Able but Unwilling to Enforce: Cooperative Dilemmas in Group Lending

76 Pages Posted: 1 Nov 2018

See all articles by Nicholas Sabin

Nicholas Sabin

University of Oxford - Said Business School

Felix Reed-Tsochas

University of Oxford - Said Business School; University of Oxford - CABDyN Complexity Centre; Oxford Martin School

Date Written: October 30, 2018

Abstract

Under what structural conditions does the ability to enforce economic cooperation outweigh the willingness to enforce? We derive a framework from sociological theory in which the structural forces that mitigate the first-order cooperative dilemma may simultaneously exacerbate the second-order dilemma. We then examine how two dimensions of structural embeddedness, (1) structural cohesion and (2) disconnected subgroups, shape the behavior of microfinance clients in Sierra Leone. Group lending provides an ideal empirical cooperative dilemma: if one member does not repay, the others are held financially responsible. We complement statistical modelling with ethnographic analysis in a nested research design, the highest level including 5,582 repayments made by 1,884 borrowers. The results clarify how different group structures determine which alternative enforcement mechanisms are likely to dominate collective outcomes. We find that structural cohesion consistently increases economic cooperation to a point, beyond which unwillingness to punish outweighs the benefits of increased ability, resulting in worse group repayment. In contrast, groups that consist of disconnected subgroups are more willing to punish defectors in the out-subgroup. However, they are less able to effectively sanction and overall performance suffers.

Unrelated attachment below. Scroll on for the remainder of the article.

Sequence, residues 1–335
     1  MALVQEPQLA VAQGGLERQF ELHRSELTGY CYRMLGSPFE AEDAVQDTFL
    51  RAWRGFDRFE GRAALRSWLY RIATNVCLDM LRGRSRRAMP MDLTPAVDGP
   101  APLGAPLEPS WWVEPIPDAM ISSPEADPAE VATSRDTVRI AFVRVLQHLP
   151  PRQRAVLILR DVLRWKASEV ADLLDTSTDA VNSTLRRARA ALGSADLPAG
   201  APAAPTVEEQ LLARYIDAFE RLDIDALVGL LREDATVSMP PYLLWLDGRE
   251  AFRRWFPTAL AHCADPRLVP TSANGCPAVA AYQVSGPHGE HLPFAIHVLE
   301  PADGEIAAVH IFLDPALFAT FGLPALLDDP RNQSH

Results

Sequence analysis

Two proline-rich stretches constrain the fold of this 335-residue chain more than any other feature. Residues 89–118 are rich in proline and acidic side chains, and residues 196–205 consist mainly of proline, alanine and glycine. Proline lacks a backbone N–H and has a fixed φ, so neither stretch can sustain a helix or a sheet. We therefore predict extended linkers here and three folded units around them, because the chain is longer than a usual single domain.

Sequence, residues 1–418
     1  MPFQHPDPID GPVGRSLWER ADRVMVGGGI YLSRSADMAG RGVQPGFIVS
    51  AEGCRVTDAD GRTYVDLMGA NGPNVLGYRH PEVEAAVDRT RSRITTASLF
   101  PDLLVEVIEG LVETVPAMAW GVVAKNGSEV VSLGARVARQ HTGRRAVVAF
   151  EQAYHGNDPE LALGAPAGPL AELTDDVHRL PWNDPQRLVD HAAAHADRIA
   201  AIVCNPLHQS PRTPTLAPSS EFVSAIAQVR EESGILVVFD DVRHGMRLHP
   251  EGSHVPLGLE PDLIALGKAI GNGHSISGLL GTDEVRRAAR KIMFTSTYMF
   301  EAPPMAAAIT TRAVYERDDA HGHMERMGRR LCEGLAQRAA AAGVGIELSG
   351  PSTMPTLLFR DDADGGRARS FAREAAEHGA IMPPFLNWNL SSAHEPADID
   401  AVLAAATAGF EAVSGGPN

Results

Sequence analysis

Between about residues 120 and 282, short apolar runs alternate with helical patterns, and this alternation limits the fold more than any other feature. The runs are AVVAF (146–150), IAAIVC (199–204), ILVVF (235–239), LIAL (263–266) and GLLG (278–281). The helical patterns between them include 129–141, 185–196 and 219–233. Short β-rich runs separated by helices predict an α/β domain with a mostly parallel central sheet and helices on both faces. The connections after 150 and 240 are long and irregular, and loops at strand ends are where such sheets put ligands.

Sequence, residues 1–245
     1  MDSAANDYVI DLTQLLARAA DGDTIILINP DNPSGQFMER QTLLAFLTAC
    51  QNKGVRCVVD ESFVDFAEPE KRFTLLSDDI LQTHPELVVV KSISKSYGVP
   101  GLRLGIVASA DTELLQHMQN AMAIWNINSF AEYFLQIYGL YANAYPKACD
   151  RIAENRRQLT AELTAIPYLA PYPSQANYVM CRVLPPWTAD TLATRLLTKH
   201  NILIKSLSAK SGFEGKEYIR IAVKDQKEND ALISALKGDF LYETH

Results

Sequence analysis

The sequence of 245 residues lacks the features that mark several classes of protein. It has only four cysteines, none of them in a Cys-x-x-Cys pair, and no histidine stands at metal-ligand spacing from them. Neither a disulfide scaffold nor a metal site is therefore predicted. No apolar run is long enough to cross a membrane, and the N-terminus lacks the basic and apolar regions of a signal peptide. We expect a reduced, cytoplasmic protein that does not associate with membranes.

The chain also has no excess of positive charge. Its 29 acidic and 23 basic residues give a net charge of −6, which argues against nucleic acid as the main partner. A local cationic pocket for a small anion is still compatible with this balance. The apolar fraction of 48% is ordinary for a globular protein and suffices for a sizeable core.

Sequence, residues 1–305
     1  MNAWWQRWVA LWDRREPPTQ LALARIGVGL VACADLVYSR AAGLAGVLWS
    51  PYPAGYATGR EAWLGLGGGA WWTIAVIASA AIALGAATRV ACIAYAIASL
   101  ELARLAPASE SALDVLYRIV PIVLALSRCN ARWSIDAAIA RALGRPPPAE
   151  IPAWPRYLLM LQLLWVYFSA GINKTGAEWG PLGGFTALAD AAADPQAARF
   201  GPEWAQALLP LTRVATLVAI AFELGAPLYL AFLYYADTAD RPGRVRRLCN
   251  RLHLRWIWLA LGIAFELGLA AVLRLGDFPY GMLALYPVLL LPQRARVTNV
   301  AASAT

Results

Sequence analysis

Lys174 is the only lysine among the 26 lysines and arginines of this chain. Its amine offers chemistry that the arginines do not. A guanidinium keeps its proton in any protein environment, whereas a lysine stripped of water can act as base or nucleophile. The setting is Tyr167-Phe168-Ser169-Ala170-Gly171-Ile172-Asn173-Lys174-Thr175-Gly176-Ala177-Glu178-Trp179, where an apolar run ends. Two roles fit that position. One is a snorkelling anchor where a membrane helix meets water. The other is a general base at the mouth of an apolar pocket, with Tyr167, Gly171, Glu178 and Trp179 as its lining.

Previous versions of this paper can be found at: https://ssrn.com/abstract=3060569 and http://ssrn.com/abstract=2465634.

Suggested Citation

Sabin, Nicholas and Reed-Tsochas, Felix, Able but Unwilling to Enforce: Cooperative Dilemmas in Group Lending (October 30, 2018). Saïd Business School WP 2018-17 [Updated version of Said Business School WPs 2017-19 and 2014-9]. Available at SSRN: https://ssrn.com/abstract=3275526 or http://dx.doi.org/10.2139/ssrn.3275526

Nicholas Sabin (Contact Author)

University of Oxford - Said Business School ( email )

Park End Street
Oxford, OX1 1HP
Great Britain

Felix Reed-Tsochas

University of Oxford - Said Business School ( email )

Park End Street
Oxford, OX1 1HP
Great Britain

HOME PAGE: http://www.sbs.ox.ac.uk/community/people/felix-reed-tsochas

University of Oxford - CABDyN Complexity Centre ( email )

Park End Street
Oxford, OX1 1HP
United Kingdom

HOME PAGE: http://www.cabdyn.ox.ac.uk/people_pages/complexity_people_reedtsochas.asp

Oxford Martin School ( email )

University of Oxford
34 Broad Street
Oxford, OX1 3BD
United Kingdom

HOME PAGE: http://www.oxfordmartin.ox.ac.uk/people/14

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